School of Medicine


Cancer genetics

Genetics studies of ovarian cancer


Epithelial ovarian cancer is often diagnosed at advanced stages of disease and is the leading cause of death from gynaecological neoplasia. Unfortunately, the genetic changes occurring during the progression of epithelial ovarian cancer are poorly understood, and therefore much research is centred upon identifying the genes involved. We have focussed our studies on the transforming growth factor beta (TGFß) regulatory pathway, including inhibin and activin. It is proposed that the pathway of genes act as a functional unit, and mutations in any one subunit could lead to disruption of the pathway and subsequent loss of cell cycle control.

Analysis of the activin pathway in ovarian cancer


ovarysection

There is strong evidence that activin is involved in the development of ovarian cancer. Activin is a member of the TGFß regulatory superfamily of ligands, and shares its intracellular signaling cascade with TGFß, a potent inhibitor of epithelial cell proliferation. Like TGFß, activin is capable of suppressing the growth of many cancers of an epithelial origin. Our research has shown the growth regulatory roles of activin in our collection of ovarian cancer cell lines, which shows that activin is growth suppressive. This is opposite to what had been previously published, but we have been able to confirm and establish a better understanding of the role of activin in the development of ovarian cancer.

Analysis of the TGFß fuctional pathway


We have focused our studies on the transforming growth factor beta (TGFß) growth regulatory pathway. It is proposed that the pathway of genes act as a functional unit, and mutations in any one subunit could lead to disruption of the pathway and subsequent loss of cell cycle control. We have found that mutations in the TGFß pathway occur primarily in TGFßRII, and these mutations appear to be important in the development of ovarian cancer. We have also shown that there are other ways in which the TGFß pathway is dysregulated in ovarian cancer, whereby the expression of other members of the TGFß pathway are altered in ovarian cancer.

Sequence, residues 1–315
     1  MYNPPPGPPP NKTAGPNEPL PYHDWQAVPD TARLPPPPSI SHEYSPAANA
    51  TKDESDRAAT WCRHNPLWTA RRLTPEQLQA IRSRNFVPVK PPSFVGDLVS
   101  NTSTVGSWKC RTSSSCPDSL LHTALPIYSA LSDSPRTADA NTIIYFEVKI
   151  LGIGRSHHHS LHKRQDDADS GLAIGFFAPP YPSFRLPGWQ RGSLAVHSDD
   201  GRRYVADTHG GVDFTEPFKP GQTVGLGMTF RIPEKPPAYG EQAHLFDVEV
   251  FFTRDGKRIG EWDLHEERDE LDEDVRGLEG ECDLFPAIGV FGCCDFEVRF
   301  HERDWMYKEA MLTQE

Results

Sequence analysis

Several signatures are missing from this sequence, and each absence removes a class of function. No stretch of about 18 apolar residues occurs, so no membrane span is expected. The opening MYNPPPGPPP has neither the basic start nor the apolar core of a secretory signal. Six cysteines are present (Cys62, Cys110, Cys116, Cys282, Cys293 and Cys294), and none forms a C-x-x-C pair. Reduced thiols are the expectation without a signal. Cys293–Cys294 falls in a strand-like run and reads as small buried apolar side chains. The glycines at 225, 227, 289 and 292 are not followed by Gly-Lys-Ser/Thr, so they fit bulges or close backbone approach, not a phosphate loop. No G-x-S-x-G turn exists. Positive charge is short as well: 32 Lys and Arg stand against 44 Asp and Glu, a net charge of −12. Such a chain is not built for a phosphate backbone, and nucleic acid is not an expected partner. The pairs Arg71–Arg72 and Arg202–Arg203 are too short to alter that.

Genetic studies of Granulosa Cell Tumours of the ovary


pcr

The majority of malignant ovarian cancer arise from the ovarian surface epithelia, and are called epithelial ovarian cancer. Other ovarian cancers arise from other cell types in the ovary. Sex cord stromal tumours (SCSTs) arise from cells of the stroma of the ovary and account for approximately 5% of all ovarian tumours. An important subtype of this group are granulosa cell tumours (GCTs), which arise from follicular granulosa cells. Due to its unique biology, GCTs are seen to behave quite differently to the more common epithelial ovarian cancers. Little research has been undertaken on GCT’s and little is known about its origin. They are thought to arise from cells of the developing gonad, or precursor cells surrounding the developing gonad. No clear aetiological pathways exist, and are likely to be multifactorial, but include chromosomal abnormalities and autocrine/endocrine abnormalies such as the production of high levels of oestrogen and inhibin, and these are often used in the diagnosis of presence of the tumour. We plan to analyse gene expression in GCTs, and identify which genes and pathways are aberrant in these tumours, to determine what is the best approach to developing new therapeutic targets for improving treatment options for patients. This project is supported by theGranulosa Cell Tumour Foundation of New Zealand.

Analysis of molecular markers of hormone resistance in breast cancer biopsies


gel

Breast cancer is the most common cause of cancer death in New Zealand women, and the cause remains unclear. Many breast cancers have oestrogen receptors on the surface of the cells. The female hormone oestrogen, binds to its receptors and can cause cell growth. This oestrogen receptor positive subtype of breast cancer is treated with hormonal therapies, that either block the effect or reduce the levels of oestrogen. However, for some patients hormonal therapies become ineffective, and their breast cancer progresses or recurs. This study aims to determine what genes are involved in the development of breast cancer, by comparing tumour tissue from cancer patients, and normal breast tissue. Comparisons of genes expressed in both oestrogen receptor positive and oestrogen receptor negative tumours will be made. We will focus specifically on a family of genes known as Forkhead transcription factors or FOX genes. Members of this family have now been shown to interact with other abnormally expressed genes and growth pathways known to be important in breast cancer development. Fox genes are also thought to influence the way in which many tumours become resistant to treatment over time. We have collected approximately 40 New Zealand breast cancer samples from women who have undergone surgical removal of their breast cancer, and are currently studying whether there are distinctive patterns of altered gene expression in New Zealand breast cancer samples, compared to other international studies. We will also search for new gene pathways involved in the process of normal breast tissue transforming into cancer. A better understanding of the causes of breast cancer will lead to better outcomes for women with the disease. This project is funded by the Breast Cancer Research Trust.